‘Good Boys’ Box Office: A Rare Success for an Original Comedy

After 33 weekends, 2019 finally saw another original movie top the box office over the weekend. Good Boys, which sold about 2.3 million tickets since Thursday evening, came in first place in its debut, knocking fellow Universal release Fast & Furious Presents: Hobbs & Shaw off the throne. The R-rated comedy is only the second title not based on any pre-existing material or tied to any ongoing franchise to achieve the honor. Another Universal movie, Jordan Peele’s Us, was the first original movie to reach the top spot, doing so back in March.

Good Boys isn’t as fresh a movie as Us. Produced by Seth Rogen and Evan Goldberg, it’s kind of an aged-down, less-memorable remake of their 2007 movie Superbad, which drew a better 4.8 million people in its debut (in exactly the same weekend).  And there was already a Superbad-esque movie out this year: Booksmart. That one, put out by United Artists in May, sold fewer than a million tickets. What made Good Boys more appealing than Booksmart? The gender of its main characters? That’d be a shame, especially since Good Boys does no good for girls as characters whatsoever, despite respectful intentions towards women as a concept.

The combination of horror movie and comedy marking the two original champions is consistent with last year’s successes, only 2019’s titles arrived earlier. In 2018, John Krasinski’s A Quiet Place topped the chart in April and then the Kevin Hart and Tiffany Haddish comedy Night School came in at number one for week #39. In 2017, Peele’s debut, Get Out, was followed by three more originals, The Hitman’s Bodyguard and Pixar’s Coco, both of which spent three weeks at number one, plus the horror film Happy Death Day. The Hitman’s Bodyguard, like Good Boys, was a rare summer hit for an original movie.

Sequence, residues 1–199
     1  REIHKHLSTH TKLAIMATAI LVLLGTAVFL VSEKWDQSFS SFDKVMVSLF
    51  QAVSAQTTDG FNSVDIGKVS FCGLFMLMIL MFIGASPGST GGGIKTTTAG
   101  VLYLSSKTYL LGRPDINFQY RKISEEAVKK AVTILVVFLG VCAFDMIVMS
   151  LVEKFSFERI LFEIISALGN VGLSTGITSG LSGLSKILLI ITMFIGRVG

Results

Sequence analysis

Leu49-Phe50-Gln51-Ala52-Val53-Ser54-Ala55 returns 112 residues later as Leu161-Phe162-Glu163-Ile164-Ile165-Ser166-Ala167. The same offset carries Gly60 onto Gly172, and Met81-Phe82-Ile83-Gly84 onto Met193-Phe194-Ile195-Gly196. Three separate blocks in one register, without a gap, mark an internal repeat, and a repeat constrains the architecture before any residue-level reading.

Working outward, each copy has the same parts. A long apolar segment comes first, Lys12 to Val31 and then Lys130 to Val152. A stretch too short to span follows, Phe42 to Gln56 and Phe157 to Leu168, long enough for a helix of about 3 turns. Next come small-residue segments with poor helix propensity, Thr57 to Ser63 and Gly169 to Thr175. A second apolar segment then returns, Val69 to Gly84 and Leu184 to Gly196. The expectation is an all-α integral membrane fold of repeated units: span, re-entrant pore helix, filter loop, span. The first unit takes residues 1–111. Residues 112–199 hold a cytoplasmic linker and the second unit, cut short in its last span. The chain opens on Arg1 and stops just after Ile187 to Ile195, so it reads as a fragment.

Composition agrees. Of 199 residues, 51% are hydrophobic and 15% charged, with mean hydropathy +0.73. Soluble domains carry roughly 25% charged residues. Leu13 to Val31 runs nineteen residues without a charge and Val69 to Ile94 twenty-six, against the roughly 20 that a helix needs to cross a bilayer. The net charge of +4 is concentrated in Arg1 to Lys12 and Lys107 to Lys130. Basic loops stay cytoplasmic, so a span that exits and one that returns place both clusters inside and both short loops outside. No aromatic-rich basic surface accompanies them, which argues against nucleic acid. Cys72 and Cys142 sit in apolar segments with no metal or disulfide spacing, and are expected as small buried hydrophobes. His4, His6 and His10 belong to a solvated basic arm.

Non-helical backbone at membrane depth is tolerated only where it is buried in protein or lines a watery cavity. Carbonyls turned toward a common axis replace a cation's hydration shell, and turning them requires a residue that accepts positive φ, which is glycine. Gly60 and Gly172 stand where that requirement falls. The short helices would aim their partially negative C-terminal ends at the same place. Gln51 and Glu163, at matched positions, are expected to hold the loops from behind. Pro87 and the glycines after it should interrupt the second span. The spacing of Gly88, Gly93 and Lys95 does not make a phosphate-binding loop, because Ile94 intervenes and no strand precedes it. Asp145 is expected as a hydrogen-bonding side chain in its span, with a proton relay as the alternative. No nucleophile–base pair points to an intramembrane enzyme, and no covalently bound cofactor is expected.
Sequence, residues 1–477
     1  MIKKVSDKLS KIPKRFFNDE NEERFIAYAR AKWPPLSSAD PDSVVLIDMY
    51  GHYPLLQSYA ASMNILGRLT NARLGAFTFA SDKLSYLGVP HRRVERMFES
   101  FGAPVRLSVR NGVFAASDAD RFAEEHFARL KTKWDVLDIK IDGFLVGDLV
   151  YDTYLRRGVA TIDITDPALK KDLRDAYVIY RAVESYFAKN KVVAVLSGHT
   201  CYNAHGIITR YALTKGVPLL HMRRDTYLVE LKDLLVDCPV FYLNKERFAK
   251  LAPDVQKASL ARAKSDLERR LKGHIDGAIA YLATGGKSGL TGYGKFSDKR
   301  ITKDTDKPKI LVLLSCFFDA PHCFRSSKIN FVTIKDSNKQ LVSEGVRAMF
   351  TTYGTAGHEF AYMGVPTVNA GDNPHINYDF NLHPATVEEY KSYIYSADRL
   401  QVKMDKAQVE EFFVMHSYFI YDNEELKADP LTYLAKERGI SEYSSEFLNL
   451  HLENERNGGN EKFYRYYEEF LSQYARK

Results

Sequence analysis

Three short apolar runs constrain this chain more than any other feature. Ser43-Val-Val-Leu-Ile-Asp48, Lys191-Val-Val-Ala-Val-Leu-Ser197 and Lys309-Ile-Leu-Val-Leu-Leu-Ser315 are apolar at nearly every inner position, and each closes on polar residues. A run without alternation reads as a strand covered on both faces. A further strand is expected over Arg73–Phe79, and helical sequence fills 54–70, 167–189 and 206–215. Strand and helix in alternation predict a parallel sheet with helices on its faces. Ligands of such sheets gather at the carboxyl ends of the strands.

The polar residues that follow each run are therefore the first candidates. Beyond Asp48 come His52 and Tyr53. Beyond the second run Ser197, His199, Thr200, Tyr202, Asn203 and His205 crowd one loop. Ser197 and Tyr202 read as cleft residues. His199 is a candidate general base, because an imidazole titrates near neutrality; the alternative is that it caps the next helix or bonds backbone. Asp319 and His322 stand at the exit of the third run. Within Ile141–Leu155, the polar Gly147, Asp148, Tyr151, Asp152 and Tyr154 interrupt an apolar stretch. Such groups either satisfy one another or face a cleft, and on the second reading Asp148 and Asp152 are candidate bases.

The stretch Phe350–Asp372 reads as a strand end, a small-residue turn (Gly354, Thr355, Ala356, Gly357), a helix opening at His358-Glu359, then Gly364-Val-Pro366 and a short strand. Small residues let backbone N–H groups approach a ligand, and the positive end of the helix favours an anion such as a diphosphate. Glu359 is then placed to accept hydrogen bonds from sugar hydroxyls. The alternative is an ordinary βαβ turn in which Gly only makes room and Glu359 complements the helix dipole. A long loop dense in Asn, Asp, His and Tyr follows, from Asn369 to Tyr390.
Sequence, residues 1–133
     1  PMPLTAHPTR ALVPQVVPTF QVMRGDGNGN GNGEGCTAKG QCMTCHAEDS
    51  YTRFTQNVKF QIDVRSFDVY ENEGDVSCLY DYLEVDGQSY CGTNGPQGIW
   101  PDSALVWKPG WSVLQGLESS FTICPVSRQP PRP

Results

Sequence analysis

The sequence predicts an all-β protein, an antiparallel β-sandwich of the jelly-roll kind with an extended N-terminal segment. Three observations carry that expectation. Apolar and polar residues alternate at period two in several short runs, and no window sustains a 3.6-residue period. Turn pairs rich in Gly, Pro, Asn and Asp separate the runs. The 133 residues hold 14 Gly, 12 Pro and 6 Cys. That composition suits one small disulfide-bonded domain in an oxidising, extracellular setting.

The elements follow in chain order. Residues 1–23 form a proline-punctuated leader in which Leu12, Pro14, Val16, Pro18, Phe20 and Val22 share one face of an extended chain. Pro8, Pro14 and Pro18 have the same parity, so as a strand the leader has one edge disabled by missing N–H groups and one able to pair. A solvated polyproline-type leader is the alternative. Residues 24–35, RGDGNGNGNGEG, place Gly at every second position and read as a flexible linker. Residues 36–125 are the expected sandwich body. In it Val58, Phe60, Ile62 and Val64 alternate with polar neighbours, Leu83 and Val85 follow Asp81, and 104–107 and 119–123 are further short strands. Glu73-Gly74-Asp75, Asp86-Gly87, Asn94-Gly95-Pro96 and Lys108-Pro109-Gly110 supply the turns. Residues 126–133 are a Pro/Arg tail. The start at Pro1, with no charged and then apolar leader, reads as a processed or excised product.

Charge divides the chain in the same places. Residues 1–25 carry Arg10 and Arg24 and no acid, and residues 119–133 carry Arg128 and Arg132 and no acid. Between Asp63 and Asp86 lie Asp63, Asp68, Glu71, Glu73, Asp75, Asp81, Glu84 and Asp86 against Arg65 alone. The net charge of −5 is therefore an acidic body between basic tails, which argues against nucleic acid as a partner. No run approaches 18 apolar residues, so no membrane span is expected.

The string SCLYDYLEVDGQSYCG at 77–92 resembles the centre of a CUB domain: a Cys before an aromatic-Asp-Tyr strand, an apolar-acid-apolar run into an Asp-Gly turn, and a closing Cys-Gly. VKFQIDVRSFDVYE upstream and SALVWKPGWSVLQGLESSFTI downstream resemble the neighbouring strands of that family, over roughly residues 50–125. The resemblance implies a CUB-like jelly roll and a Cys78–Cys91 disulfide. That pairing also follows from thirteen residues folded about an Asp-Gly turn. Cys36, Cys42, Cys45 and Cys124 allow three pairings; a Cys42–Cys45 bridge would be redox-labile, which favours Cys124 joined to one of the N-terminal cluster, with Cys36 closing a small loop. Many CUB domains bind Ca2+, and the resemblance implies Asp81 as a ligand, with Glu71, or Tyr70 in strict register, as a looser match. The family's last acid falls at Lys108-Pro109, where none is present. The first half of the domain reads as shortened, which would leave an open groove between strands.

Universal can celebrate the double duty of original hits, especially as it maintains a certain reputation. One of last year’s, Date Night, and two of 2017’s, Get Out and Happy Death Day, were from the same studio. No other in Hollywood can compete with the market share of Disney this year, but Universal is a decent runner-up, mostly thanks to Us and the animated sequel How to Train Your Dragon: The Hidden World, plus the surprising sleeper success of another one of its original titles, Yesterday. Good Boys might not have similar legs, though, as it only earned a B+ grade from audiences via Cinemascore. Still, that number one — the studio’s 10th weekend in first place this year — has to feel good after Universal had to drop another of its 2019 originals, The Hunt, from the schedule.

We could argue that the weekend was weak for options overall, and that’s how a random comedy did the near-impossible, but in the game of release strategies, The Angry Birds Movie 2 was surely the expected winner for its opening weekend in competition against the smaller wide launchers, which included Good Boys, the sequel 47 Meters Down: Uncaged, and adaptations Blinded By the Light and Where’d You Go, Bernadette. But the animated video game adaptation fell way short of its initial forecast figures, according to Box Office Pro’s long-range tracking, as did all other titles save for Good Boys.